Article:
Newark, NJ- In New Jersey, if an individual is convicted of their first DWI, they are most likely going to have their license suspended for up to one year, or more, depending on the details of their case. When their court-ordered suspension is up, a DWI defendant can have their license reinstated, but some DWI defendants fail to do so for different reasons. Perhaps, a defendant can’t afford the reinstatement fees or simply failed to go through the administrative process when the suspension period is up. What happens to these people when they are caught driving after their period of suspension should have ended but didn’t? How should the courts treat individuals who drive while suspended in these circumstances?
That is a question the Appellate Division of the New Jersey Superior Court addressed in a recent case and clarified the state’s driving while suspended statutes.
Under New Jersey statutes (N.J.S.A. 2C:40-26(a) and (b)), it is considered a fourth degree criminal offense to drive while suspended as the result of DWI charge or failure to submit to a breath test. It is punishable by a maximum of 18 months in prison and a mandatory minimum of 180 days in jail; a sentence which was intended to address DWI recidivism. The language of the law states that this sentence is applicable “under certain circumstances.”
The Appellate Court sought to clarify when a defendant should face criminal charges for driving while suspended and when a defendant should face the lesser charged offense of a motor vehicle violation, which carries a lesser penalty.
In the the opinion, the Appellate Court noted that when the DWI statutes were written, lawmakers intended for a person driving on a suspended to be charged criminally, but the law did not address how and individual should be charged if they failed to have their license reinstated after their period of suspension for the DWI expires.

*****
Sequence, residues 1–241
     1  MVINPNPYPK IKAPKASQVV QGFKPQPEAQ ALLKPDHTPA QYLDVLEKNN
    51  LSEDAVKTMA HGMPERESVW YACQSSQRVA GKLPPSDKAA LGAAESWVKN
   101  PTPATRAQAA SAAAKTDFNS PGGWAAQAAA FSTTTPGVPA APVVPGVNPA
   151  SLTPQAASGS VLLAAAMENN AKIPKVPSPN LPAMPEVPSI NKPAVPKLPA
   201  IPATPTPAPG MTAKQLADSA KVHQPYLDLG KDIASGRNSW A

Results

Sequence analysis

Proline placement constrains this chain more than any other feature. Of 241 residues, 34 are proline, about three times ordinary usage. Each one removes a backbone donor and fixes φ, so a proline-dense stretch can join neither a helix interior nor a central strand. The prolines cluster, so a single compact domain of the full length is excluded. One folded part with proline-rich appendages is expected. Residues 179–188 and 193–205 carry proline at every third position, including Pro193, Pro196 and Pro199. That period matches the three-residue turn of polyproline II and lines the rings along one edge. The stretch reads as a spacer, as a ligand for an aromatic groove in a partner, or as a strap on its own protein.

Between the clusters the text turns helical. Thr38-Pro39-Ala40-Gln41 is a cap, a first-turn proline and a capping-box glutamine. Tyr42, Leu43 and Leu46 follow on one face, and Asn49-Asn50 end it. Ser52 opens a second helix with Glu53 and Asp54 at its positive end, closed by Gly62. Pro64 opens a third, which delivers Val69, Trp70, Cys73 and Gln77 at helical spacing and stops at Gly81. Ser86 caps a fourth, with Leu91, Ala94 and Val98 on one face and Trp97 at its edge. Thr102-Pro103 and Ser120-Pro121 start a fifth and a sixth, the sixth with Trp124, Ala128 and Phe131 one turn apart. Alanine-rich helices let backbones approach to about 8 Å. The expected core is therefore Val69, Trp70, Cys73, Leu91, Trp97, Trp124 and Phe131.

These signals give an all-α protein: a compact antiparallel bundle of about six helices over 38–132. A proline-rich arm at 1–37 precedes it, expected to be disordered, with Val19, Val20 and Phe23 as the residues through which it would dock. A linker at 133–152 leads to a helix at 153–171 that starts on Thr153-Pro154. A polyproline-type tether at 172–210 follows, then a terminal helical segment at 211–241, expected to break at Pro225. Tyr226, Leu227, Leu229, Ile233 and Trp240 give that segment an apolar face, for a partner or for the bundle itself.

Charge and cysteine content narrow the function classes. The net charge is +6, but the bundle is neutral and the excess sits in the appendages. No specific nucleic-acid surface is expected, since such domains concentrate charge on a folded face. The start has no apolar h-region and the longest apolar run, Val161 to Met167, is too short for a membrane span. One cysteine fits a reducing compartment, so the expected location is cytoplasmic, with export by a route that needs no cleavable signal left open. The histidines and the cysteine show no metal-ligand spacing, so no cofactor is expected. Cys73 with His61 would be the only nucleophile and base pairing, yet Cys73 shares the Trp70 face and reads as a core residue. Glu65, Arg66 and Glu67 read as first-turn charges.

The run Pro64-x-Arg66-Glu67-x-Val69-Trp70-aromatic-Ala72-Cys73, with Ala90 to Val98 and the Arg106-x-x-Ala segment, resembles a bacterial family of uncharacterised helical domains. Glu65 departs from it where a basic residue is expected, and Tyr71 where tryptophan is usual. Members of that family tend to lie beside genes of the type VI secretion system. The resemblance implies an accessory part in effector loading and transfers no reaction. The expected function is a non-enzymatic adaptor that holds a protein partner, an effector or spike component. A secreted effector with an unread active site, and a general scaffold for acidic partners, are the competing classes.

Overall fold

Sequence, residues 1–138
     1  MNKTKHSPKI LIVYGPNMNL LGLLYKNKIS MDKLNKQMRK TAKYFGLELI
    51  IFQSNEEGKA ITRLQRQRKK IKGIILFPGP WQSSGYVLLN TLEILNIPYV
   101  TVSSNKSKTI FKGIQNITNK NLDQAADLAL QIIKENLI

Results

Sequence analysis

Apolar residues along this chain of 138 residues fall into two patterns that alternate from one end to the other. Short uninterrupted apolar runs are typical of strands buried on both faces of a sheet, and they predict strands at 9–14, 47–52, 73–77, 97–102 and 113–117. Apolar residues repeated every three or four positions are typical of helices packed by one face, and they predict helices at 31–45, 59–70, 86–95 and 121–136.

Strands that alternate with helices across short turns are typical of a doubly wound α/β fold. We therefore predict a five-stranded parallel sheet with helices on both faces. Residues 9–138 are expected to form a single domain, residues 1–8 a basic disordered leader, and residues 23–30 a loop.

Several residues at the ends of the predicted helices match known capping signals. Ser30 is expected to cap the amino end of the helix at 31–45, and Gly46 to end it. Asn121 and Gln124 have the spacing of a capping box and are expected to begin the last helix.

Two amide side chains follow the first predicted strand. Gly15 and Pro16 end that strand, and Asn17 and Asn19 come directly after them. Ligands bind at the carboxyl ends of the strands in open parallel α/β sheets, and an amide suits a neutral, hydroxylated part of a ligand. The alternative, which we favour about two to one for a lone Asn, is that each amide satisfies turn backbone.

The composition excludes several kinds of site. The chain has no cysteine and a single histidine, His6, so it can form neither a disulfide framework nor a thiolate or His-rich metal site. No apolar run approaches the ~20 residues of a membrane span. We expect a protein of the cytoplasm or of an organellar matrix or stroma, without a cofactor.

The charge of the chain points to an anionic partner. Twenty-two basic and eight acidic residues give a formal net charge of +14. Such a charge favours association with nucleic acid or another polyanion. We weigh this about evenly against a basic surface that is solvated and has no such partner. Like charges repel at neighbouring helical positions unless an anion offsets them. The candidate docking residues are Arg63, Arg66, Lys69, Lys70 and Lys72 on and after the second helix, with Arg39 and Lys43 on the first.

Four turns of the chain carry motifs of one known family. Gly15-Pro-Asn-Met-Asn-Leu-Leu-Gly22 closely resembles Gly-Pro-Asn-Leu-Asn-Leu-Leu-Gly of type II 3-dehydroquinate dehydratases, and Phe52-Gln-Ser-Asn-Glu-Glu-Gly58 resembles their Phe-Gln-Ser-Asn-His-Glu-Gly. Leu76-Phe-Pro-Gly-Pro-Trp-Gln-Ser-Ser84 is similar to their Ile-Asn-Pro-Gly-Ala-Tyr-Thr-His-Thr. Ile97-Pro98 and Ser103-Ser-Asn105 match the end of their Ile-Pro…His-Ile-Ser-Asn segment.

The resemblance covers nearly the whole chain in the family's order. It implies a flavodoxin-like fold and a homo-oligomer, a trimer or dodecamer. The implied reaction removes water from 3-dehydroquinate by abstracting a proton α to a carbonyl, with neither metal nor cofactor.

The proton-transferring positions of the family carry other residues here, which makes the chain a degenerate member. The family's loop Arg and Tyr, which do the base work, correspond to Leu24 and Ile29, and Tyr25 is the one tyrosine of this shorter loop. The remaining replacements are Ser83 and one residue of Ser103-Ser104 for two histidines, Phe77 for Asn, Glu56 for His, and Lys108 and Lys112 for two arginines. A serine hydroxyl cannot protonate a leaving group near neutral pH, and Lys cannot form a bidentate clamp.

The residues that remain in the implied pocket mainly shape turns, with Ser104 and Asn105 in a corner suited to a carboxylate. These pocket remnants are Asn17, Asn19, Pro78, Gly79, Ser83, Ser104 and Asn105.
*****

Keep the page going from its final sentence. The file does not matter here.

The Appellate Court consolidated seven different cases involving drivers who had been charged with driving while suspended as the result of a DWI conviction. In the majority of those cases, the defendants were arrested after their mandated suspension period had ended, but failed to petition the Division of Motor Vehicles to have their licenses reinstated. Some of the defendants argued that they were not in violation of the criminal law because their court-ordered suspension period had already expired and that their license suspension was a violation of motor vehicle law, not criminal statutes.
A court-ordered license suspension is imposed when a person is adjudicated and sentenced for an offense whereas an administrative suspension occurs when a person hasn’t paid the associated costs and submitted the necessary applications and documents to the Division of Motor Vehicles.
In the court’s opinion, Judge Alvarez wrote, “We conclude that the statute criminalizes the operation of a motor vehicle only while the operator is serving the court-imposed term of suspension, and not thereafter.”
The court established that state law “was intended to apply only when the actor is ‘under suspension’ for those offenses.” Meaning, the law only applies when an individual is still serving out their sentence for a DWI conviction. It does not apply to administrative suspensions. The court also said that in the absence of clear language from the legislature, the law should be interpreted in the “spirit of leniency” in favor of criminal defendants.
I understand how decisions like this affect my DWI clients in Clifton, Elmwood Park, Jersey City, Elizabeth and Newark, and make it a point to follow these and other critical cases closely. It allows me to cater your defense to the specific needs of your case and gives you a greater chance of avoiding a conviction or the most serious penalties.
If you retain me as your DWI attorney, you can be confident that I will use by body of legal knowledge to get you best possible outcome for your case.